There are great tools out there that can not only tell you the number of page views but pretty much everything about the readers of your blog. Which stories they liked reading the most this week. Which country they are from (or, perhaps, pretend they're from). Which operating system they are using. Whether they had pasta or salad for lunch. Their bra size.

Okay, so I got a bit carried away there. But you get my drift.

Normally, I just want to know the page views and that's that. I really don't care who you are, as long as you come visit. Unless of course you leave a nice comment and then I'll leave a nice comment back.

But sometimes it can be fun to dig a bit deeper into Google Analytics (or whatever tool you're using) for some pure enjoyment. And to find out interesting facts.

Like, did you know there is an operating system called Ubuntu? I had no idea. But apparently, 36 visitors of my blog, so far, have their devices running on it.

Also, either there'll soon be a huge influx of Ukrainians descending upon South Africa, or maybe they just love reading about expat life in Johannesburg for no reason perhaps because the weather there is better than at home (or because they are accused of just as much crime). In any case, tons of Ukrainians are reading my blog. They just made it into the top ten countries (South Africa, some time ago, surpassed the United States, followed by the UK, Germany, Canada, and Australia).

The true giggle, however, can be had when you delve a bit deeper and read the actual phrases people type into Google (or Bing, or whatever else it is, which you can also learn from your analytics software) to find you. Or, rather, not to find you specifically, but it is you they end up finding, through the mysteries of the Google algorithm.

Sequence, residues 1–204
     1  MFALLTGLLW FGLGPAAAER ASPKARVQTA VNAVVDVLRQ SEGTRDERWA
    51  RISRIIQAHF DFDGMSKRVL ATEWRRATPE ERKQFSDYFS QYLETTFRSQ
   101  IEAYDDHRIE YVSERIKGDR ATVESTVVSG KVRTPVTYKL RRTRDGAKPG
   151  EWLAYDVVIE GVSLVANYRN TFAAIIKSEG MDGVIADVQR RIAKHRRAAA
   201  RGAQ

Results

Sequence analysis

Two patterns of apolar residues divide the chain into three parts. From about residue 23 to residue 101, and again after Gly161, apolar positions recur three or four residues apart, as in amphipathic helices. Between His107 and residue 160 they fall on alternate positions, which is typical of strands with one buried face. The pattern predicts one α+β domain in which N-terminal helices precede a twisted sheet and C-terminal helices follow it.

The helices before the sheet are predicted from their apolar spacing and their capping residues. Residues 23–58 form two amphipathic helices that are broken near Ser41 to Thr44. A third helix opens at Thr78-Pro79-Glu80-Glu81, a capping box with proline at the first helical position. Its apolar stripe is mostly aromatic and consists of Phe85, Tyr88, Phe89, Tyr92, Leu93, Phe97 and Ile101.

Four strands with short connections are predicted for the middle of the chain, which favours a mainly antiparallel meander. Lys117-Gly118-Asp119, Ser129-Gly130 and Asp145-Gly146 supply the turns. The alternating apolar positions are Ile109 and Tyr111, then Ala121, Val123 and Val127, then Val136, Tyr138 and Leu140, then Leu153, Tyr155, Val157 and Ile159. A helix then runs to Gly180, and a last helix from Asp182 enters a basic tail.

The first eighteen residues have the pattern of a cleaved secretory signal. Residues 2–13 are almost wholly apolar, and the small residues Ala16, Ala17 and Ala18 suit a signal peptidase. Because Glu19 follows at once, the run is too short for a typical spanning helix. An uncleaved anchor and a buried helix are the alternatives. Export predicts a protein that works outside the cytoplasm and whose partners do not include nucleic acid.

It is a very diverse group of people, let me tell you. Whether they typed "barefoot shopping" or "american apple cake" or "have an affair south africa,", they all landed on my blog. As were "pay traffic fines south africa," "cheetah legs," and "kilimanjaro potty." The potty person spent 18 seconds on my blog. Whereas the one searching for "kilimanjaro toilets" stayed for 5 minutes and 29 seconds.

Some of them cannot be repeated in polite company, such as "joburg f#@* stories." That person hardly spent any time on my blog at all, I'm glad to report.

While we're on that track, the longest somebody who didn't already know my blog stayed and read on was one and a half hours, having looked for "how to do foreign eft." Whereas "xpat massage" held the record of shortest stay. Maybe I should start offering massages.

Predictably, people searching for 'joburg expat blog" end up staying forever, reading twenty-five pages and more, whereas the guy wondering "why do weavers destroy their nests" only stayed on for one. As did "african subways." I'm curious if he had any luck elsewhere. I can't think of an African city that actually has a subway.

The topics people are most interested in are "private schools in johannesburg," "buying a car in south africa," "opening a bank account," and "renewing license disk." And of course those vital questions about Amazon, Starbucks, Kindle, iPhone, and Netflix in South Africa. I'm glad I've become such a how-to resource and I hope people realize what a luxury it is to not only get advice but also some gratuitous humor in the bargain.

I also get the existential type questions, like "should i move to durban." I have no idea! But I'd love to tell you anyway. I'd also like to talk with all the people wondering about "joburg crime" and "how bad is south africa." I'd tell them how terrible it is indeed and to please stay away. Let's keep all those negative folks somewhere else (okay, in England, if you must know).

Some people don't seem to put very much thought in their queries. Like the person typing "does africa have a post office" (no, the mail in africa gets hand-carried by messengers on elephants), or the one simply writing "bird." I'm quite honored that such a vague term would have ended up with me but wonder once again what the hell Google is thinking.